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The theory of life-cycle saving and investing

  • Zvi Bodie
  • Jonathan Treussard
  • Paul S. Willen

How much should a family save for retirement and for the kids’ college education? How much insurance should they buy? How should they allocate their portfolio across different assets? What should a company choose as the default asset allocation for a mandatory retirement saving plan? We believe that the life-cycle model developed by economists over the last fifty years provides guidance for making such decisions. The theory teaches us to view financial assets as vehicles for transferring resources across different times and outcomes over the life cycle, and that perspective allows households and planners to think about their decisions in a logical and rigorous way. This paper lays out and illustrates the basic analytical framework from the theory in nonmathematical terms, with the aim of providing guidance to financial service providers, consumers, and policymakers.

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Paper provided by Federal Reserve Bank of Boston in its series Public Policy Discussion Paper with number 07-3.

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Date of creation: 2007
Date of revision:
Handle: RePEc:fip:fedbpp:07-3
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  1. John Campbell & Joao F. Cocco, 2002. "Household Risk Management and Optimal Mortgage Choice," Computing in Economics and Finance 2002 47, Society for Computational Economics.
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  3. Bodie, Zvi & Merton, Robert C. & Samuelson, William F., 1992. "Labor supply flexibility and portfolio choice in a life cycle model," Journal of Economic Dynamics and Control, Elsevier, vol. 16(3-4), pages 427-449.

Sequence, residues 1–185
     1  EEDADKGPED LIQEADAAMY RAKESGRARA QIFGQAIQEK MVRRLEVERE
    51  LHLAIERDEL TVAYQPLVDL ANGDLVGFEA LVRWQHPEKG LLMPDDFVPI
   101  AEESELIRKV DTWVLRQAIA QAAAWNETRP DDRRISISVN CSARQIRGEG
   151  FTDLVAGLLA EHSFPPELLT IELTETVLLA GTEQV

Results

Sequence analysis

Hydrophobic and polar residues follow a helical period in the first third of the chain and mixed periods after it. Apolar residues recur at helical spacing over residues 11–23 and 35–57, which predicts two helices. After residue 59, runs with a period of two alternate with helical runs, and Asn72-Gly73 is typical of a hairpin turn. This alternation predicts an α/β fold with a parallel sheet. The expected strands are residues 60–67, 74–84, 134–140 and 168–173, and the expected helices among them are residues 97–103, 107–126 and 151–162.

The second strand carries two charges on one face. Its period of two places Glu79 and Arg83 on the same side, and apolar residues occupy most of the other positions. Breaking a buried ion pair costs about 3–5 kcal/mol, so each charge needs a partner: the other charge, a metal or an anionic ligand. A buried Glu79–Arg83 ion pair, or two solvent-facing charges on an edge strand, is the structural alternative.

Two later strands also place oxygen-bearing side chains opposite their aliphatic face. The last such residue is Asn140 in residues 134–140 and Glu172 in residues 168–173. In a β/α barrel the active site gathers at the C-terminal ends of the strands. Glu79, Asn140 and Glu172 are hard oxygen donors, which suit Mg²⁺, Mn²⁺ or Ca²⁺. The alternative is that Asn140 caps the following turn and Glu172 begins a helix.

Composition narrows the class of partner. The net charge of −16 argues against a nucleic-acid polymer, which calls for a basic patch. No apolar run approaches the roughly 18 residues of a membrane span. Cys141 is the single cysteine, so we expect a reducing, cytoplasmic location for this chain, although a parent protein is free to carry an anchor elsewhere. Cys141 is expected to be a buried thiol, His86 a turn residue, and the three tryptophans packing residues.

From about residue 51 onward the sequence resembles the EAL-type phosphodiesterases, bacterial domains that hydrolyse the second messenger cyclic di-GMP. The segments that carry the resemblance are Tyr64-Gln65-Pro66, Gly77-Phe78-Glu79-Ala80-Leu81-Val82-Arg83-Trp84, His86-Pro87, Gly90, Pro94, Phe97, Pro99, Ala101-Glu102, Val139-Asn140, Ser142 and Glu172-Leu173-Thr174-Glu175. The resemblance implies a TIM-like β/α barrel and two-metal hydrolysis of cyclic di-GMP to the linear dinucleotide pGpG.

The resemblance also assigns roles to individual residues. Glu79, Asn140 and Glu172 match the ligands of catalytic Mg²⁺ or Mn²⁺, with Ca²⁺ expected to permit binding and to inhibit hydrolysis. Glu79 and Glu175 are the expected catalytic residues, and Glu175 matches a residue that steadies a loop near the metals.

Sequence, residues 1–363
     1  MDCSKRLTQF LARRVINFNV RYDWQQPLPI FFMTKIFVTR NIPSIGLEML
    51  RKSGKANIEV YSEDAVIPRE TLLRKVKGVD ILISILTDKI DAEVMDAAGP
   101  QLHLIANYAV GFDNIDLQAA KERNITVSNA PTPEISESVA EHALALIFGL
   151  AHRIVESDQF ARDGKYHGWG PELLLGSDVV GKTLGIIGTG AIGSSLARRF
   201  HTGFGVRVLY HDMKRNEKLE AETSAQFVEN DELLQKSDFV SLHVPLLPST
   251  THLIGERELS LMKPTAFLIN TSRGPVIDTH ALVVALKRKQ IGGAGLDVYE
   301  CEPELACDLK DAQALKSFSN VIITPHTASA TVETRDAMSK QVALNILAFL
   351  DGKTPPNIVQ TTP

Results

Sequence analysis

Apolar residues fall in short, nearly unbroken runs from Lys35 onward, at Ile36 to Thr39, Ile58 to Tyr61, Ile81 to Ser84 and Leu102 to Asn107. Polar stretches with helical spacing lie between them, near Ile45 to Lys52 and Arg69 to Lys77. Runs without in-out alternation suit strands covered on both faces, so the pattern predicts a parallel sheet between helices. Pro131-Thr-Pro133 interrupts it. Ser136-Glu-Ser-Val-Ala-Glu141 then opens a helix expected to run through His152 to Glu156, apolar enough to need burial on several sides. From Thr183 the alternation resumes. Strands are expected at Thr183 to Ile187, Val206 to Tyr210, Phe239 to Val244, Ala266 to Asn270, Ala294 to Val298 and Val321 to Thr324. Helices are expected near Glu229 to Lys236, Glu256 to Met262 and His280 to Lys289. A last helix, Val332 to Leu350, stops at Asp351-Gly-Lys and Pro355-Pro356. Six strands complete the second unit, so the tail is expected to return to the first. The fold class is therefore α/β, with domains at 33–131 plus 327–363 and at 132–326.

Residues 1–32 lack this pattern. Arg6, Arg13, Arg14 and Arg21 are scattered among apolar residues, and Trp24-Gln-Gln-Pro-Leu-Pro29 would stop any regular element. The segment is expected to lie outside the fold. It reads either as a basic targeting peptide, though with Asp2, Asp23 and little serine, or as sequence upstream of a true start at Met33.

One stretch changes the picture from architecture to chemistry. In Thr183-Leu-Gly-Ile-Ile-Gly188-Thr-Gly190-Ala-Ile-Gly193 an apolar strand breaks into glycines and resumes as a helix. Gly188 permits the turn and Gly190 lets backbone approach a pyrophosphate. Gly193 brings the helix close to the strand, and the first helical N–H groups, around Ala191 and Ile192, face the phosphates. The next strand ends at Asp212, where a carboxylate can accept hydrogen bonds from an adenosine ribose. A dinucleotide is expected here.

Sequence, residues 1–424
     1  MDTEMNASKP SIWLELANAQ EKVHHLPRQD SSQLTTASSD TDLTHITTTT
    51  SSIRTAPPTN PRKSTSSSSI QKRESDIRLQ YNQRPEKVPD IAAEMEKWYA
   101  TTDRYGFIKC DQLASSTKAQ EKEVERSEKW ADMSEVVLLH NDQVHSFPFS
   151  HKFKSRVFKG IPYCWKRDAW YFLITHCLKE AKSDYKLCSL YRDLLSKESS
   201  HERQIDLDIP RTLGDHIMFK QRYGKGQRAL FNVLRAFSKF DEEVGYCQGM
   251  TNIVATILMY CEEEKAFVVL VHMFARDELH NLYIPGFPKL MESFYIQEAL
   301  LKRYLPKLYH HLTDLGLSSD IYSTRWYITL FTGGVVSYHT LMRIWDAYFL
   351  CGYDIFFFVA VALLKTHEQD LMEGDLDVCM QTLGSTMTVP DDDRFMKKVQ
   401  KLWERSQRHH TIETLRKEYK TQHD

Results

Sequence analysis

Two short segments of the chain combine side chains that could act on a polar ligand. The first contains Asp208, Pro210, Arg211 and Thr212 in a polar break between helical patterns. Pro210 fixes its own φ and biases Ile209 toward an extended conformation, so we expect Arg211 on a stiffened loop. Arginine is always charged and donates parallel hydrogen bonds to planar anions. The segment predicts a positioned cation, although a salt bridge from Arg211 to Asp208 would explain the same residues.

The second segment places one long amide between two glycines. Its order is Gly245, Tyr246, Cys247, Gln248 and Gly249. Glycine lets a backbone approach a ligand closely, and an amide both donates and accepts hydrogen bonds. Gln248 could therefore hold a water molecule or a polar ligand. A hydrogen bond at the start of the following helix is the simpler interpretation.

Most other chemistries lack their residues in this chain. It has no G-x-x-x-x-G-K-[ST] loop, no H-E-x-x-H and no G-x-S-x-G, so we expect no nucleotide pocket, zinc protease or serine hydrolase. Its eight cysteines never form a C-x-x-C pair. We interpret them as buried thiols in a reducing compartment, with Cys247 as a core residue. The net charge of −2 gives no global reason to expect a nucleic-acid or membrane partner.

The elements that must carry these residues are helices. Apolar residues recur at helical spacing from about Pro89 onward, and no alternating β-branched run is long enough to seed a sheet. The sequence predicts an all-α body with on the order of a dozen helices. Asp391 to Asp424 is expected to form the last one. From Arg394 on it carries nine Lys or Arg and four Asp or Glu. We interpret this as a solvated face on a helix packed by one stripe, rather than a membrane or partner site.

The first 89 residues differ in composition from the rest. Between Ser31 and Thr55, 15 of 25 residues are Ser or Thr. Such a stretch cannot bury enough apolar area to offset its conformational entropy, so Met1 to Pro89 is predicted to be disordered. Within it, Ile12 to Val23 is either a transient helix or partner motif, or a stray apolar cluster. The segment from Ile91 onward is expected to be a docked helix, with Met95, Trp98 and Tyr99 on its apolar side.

4. Dybvig, Philip H, 1995. "Dusenberry's Ratcheting of Consumption: Optimal Dynamic Consumption and Investment Given Intolerance for Any Decline in Standard of Living," Review of Economic Studies, Wiley Blackwell, vol. 62(2), pages 287-313, April.
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  8. Merton, Robert C, 1969. "Lifetime Portfolio Selection under Uncertainty: The Continuous-Time Case," The Review of Economics and Statistics, MIT Press, vol. 51(3), pages 247-57, August.
  9. Fischer, Stanley, 1975. "The Demand for Index Bonds," Journal of Political Economy, University of Chicago Press, vol. 83(3), pages 509-34, June.
  10. Modigliani, Franco, 1985. "Life Cycle, Individual Thrift and the Wealth of Nations," Nobel Prize in Economics documents 1985-1, Nobel Prize Committee.
  11. Cox, John C. & Ross, Stephen A. & Rubinstein, Mark, 1979. "Option pricing: A simplified approach," Journal of Financial Economics, Elsevier, vol. 7(3), pages 229-263, September.
  12. He, Hua & Pages, Henri F, 1993. "Labor Income, Borrowing Constraints, and Equilibrium Asset Prices," Economic Theory, Springer, vol. 3(4), pages 663-96, October.
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